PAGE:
This is probably the first thought that a sender has once it becomes clear that the recipient is taking their time in replying. It’s another good look for a recipient, and really has to make a sender wonder why they’re in business in the first instance. It also leads them to wonder how long said recipient will remain in business, if they’re not interested in whose contacting them.
So what should I do?
Just because you can write and send an email message almost immediately, doesn’t mean a response will be just as prompt. We all know that. But being seen to be giving potential, or existing customers, the cold shoulder doesn’t bode well for a business either. If you need to buy a little time, make use of an email autoresponder, they’re not too hard to set up.
Try to categorise and prioritise incoming messages. Prepare a number of short, pre-written responses, that require only minimal personalisation. Something like “thanks for your message, we’ll reply to you in detail in X days time”. One person I know spends a certain time dealing with email every morning, be it one hour or four, before doing anything else that day.
You didn’t go into business, only to see yourself go out of business, because you didn’t have a plan for dealing with the electronic and text messages that are inevitably going to come your way. A reputation for not responding to client communications is not only worse than useless, it will also have people questioning your integrity and professionalism. That you don’t want.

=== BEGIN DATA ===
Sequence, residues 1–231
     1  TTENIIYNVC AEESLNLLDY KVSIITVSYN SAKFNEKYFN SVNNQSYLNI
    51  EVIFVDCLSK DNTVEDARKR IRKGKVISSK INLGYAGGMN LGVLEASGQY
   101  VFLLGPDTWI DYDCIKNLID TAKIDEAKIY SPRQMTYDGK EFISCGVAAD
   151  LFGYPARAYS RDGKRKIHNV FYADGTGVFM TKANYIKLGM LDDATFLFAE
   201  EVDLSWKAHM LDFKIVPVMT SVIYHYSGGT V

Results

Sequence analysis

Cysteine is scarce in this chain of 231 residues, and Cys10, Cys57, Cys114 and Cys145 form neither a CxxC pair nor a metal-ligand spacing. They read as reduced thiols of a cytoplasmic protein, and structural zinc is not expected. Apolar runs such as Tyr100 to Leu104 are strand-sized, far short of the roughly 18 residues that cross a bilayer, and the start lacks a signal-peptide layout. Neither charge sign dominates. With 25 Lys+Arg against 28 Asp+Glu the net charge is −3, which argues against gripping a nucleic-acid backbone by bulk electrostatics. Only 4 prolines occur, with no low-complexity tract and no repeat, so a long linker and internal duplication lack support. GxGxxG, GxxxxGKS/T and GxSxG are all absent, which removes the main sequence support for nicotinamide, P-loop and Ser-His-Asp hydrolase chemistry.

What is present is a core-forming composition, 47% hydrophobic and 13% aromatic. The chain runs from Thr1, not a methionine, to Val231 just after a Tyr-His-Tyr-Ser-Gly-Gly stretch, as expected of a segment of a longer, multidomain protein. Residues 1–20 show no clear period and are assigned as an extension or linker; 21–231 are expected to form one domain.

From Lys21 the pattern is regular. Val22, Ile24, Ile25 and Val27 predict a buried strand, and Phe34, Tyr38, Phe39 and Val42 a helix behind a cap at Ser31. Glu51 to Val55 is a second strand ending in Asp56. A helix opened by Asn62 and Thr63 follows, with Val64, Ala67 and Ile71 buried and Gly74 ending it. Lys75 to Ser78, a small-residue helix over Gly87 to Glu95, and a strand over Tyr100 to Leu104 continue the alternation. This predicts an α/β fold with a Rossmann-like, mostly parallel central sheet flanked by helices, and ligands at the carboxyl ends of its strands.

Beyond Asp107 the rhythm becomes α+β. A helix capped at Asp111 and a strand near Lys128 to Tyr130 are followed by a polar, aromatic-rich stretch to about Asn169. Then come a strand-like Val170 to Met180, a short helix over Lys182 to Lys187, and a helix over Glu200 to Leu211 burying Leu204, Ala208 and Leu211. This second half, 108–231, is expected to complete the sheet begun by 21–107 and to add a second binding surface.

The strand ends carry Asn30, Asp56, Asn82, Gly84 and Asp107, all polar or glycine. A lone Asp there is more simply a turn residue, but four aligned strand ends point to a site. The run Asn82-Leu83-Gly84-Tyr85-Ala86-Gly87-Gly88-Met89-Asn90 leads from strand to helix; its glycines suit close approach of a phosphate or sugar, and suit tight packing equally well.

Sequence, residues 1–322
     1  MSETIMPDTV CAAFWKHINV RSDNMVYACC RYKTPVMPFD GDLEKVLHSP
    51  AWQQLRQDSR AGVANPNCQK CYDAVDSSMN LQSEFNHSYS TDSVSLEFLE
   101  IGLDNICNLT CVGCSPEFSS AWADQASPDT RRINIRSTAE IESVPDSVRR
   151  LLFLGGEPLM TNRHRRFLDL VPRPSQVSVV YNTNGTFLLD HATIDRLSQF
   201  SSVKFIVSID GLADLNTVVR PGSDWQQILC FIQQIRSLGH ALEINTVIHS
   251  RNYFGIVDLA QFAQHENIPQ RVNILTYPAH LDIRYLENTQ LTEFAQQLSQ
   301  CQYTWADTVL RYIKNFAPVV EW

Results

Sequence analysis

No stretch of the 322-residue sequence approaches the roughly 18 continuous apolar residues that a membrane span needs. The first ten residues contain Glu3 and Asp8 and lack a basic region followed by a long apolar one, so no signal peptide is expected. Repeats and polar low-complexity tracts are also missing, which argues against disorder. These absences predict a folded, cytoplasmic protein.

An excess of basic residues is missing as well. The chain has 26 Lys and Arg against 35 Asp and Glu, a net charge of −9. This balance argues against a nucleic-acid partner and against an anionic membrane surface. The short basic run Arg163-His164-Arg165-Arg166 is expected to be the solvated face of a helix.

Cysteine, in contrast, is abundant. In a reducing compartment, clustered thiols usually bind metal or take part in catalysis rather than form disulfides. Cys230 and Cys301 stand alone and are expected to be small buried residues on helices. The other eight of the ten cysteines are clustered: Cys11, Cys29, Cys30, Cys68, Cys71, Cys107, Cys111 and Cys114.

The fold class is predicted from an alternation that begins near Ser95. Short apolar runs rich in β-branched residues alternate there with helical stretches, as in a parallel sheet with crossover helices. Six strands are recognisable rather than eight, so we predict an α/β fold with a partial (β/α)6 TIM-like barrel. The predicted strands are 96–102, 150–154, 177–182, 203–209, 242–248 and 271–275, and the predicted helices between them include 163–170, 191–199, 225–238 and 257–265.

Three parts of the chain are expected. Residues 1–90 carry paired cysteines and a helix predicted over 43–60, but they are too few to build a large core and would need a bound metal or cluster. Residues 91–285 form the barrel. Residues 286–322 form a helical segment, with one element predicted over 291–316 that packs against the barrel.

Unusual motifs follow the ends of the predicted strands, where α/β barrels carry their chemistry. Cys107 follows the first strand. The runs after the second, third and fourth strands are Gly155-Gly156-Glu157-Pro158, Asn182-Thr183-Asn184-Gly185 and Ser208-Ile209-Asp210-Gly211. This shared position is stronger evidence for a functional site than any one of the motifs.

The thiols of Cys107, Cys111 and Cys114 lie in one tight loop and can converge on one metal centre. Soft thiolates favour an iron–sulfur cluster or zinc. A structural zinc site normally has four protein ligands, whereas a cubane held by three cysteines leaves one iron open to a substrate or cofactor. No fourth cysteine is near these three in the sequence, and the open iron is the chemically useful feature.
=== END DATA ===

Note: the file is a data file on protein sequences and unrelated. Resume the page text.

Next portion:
There are still some ancient languages on Earth that linguists are still struggling to understand, so how would we fare if an alien intelligence tried to contact us? How might we ever make sense of what they were saying?
“If an advanced civilization did want to communicate with us, they would probably choose to base their communication on something we have in common, such as the fact that we live in the same physical universe,” says Siemion. “They might use the properties of astrophysical objects, like pulsars, quasars or the shape of our galaxy, as a first step at teaching us their language.”
Ok, so doing things – such as going to the movies – alone, is to be encouraged, we should, from time to time, do more by ourselves. It has its upsides, and accordingly we should have little regard for others might think.
What helps me the most when I talk to myself is that I’m able to organize the countless wild thoughts running rampant through my brain. Hearing my issues vocalized calms my nerves. I’m being my own therapist: Outer-voice me is helping inner-brain me through my problems. According to psychologist Linda Sapadin, talking out loud to yourself helps you validate important and difficult decisions. “It helps you clarify your thoughts, tend to what’s important and firm up any decisions you’re contemplating.” Everyone knows the best way to solve a problem is to talk it out. Since it’s your problem, why not do it with yourself?